In addition to the functions already mentioned, Kotlin collections offer a number of other methods for transformations, filtering, sorting and grouping, such as map, filter, groupBy, sortedBy and many more. These functions make it easier to work with collections and make the code simpler and more expressive. The functions will be examined in detail later.

Collection hierarchy

The Collection hierarchy describes how collection classes and interfaces are organized in a hierarchical arrangement. This arrangement includes various interfaces that provide both general and specific functions for different collection types. In this way, diverse collection types can be used and expanded in a consistent and well-structured manner.

The following table provides an overview of the most important interfaces in the collection hierarchy and their relationships to one another. Each interface represents a specific collection type, and the child interfaces extend the capabilities of their parent interfaces to provide additional functionality or variability.

Interface Description Subordinate interfaces Use Cases
Collection This is the main interface for all collection types. It offers basic features like size(), isEmpty(), contains(), etc. All other collection interfaces extend this interface Cunning, Set ArrayList, HashSet, LinkedList
List An ordered collection type that allows duplicates and allows items to be accessed via an index. List extends the collection interface. MutableList ArrayList, LinkedList
MutableList Ordered collection that allows duplicates and is mutable - ArrayList, LinkedList
Set Unordered collection that does not allow duplicates MutableSet HashSet, LinkedHashSet
MutableSet Unordered collection that does not allow duplicates and is mutable - HashSet, LinkedHashSet
Map A Collection type that organizes elements into key-value pairs. Map is not a direct sub-interface of Collection, but forms a separate hierarchy, but is closely linked to the Collection hierarchy. MutableMap HashMap, LinkedHashMap
MutableMap Collection of key-value pairs that is mutable - HashMap, LinkedHashMap
Map.Entry A key-value pair in a map - -

Differences and similarities between arrays and collections

Arrays and Collections have several differences and similarities in functionality, usage and performance. Below are some of the key differences between arrays and the List, Set and Map collection types in Kotlin:

Size and changeability: 

  • Arrays have a fixed size, which is set at creation and does not change. You can change elements within an array, but you can change its size.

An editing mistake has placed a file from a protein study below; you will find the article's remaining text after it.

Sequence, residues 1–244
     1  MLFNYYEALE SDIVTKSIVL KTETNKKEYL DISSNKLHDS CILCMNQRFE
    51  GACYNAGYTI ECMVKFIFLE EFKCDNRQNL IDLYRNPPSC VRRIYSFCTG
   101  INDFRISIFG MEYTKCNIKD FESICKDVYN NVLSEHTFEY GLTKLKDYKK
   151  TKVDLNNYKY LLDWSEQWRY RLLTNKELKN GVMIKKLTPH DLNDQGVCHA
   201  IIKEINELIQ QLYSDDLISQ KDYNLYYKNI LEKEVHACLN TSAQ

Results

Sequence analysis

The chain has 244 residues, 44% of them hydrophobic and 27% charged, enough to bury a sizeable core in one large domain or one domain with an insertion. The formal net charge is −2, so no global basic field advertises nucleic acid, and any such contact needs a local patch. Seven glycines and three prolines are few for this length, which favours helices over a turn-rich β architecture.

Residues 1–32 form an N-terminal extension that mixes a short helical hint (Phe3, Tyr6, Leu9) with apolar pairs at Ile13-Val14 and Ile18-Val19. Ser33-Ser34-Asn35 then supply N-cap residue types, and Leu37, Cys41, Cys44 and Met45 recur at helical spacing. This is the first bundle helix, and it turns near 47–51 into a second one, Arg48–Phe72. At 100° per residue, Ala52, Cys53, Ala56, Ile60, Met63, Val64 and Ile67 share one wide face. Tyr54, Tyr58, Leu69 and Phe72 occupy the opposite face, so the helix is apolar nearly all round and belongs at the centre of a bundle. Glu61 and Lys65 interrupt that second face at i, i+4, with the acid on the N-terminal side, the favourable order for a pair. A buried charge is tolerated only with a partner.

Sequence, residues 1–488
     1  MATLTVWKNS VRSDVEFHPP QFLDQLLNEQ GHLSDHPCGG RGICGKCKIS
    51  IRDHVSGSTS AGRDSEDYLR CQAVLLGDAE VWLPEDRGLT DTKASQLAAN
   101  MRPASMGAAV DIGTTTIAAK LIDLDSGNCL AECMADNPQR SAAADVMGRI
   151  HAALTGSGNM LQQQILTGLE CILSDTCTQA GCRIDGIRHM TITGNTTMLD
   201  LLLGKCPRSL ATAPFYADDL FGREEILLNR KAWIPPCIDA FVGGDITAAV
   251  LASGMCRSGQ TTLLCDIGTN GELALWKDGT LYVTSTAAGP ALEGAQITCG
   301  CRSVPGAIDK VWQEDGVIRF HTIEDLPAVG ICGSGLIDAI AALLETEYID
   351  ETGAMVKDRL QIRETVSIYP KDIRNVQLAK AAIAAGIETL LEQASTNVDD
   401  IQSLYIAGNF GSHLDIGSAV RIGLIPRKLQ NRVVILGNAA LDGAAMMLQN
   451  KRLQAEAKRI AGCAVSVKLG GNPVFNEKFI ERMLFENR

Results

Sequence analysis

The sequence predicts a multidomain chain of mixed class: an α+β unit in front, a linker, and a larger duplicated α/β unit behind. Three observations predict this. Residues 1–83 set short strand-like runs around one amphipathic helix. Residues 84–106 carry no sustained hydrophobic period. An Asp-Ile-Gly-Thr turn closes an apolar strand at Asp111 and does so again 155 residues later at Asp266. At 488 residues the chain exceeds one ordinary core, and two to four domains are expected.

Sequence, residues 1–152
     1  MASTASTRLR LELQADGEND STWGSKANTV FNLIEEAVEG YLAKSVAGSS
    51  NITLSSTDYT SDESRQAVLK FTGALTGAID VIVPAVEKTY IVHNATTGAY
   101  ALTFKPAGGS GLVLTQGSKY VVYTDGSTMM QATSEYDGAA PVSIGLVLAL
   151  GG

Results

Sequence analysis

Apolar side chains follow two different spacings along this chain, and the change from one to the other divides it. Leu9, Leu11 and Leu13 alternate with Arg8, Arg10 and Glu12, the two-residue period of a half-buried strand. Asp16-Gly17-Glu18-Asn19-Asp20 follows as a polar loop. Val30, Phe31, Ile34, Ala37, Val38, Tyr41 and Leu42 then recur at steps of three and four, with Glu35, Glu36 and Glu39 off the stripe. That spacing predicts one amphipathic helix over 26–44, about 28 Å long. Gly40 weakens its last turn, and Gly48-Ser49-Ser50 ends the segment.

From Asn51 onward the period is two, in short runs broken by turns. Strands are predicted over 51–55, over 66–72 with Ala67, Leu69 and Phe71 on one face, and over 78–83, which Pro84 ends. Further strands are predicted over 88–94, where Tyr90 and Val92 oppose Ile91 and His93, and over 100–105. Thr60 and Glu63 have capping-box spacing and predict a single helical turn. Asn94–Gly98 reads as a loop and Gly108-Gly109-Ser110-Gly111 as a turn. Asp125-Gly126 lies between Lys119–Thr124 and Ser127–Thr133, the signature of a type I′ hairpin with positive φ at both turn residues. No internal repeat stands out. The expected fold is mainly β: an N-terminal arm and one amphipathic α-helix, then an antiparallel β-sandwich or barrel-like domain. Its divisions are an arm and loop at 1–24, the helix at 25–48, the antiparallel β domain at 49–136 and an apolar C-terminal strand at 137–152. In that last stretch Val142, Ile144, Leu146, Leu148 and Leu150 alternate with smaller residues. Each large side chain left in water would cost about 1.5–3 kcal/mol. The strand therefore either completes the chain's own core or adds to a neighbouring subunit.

• Collections can have different resizing behaviors depending on whether they are read-only or mutable. Mutable Collections (e.g. MutableList, MutableSet, MutableMap) can grow or shrink, while Readonly Collections (List, Set, Map) cannot change size after creation.

Type hierarchy:

  • Arrays are not participants in the collection hierarchy and do not implement the List, Set, or Map collection interfaces.
  • List, Set and Map are part of the collection hierarchy and implement the collection interfaces in Kotlin.

Storage of items:

  • Arrays store elements in a continuous memory area and provide fast direct access to elements via their index.
  • Collections may not store items in a continuous storage area, depending on their internal implementation. Access and manipulation performance may vary depending on the collection type.

Uniqueness and order of elements:

  • Arrays can contain duplicate elements and the order of the elements is preserved.
  • Lists are similar to arrays in the sense that they contain duplicate elements and the order of the elements is preserved.
  • Sets do not contain duplicates and the order of elements is not guaranteed (unless it is a LinkedHashSet, which preserves insertion order).
  • Maps store key-value pairs, where each key is unique and associated with a value. The order of the keys is not guaranteed (unless it is a LinkedHashMap that preserves the insertion order).

Generics and type safety:

  • Arrays have stronger type safety because they require a specific element type when created.
  • Collections also provide type safety through generics, but they can be slightly weaker than arrays due to type erasure at runtime.

Functions and methods:

  • Arrays and Collections provide some common functions and methods, such as forEach(), filter(), map(), etc. However, Collections provide additional functions and methods that make working with them easier and more expressive.

Overall, arrays and collections offer different ways to manage groups of elements in Kotlin. Arrays are suitable for scenarios where fixed size and high performance are required. Collections, on the other hand, offer more flexibility and functions that make working with groups of elements easier.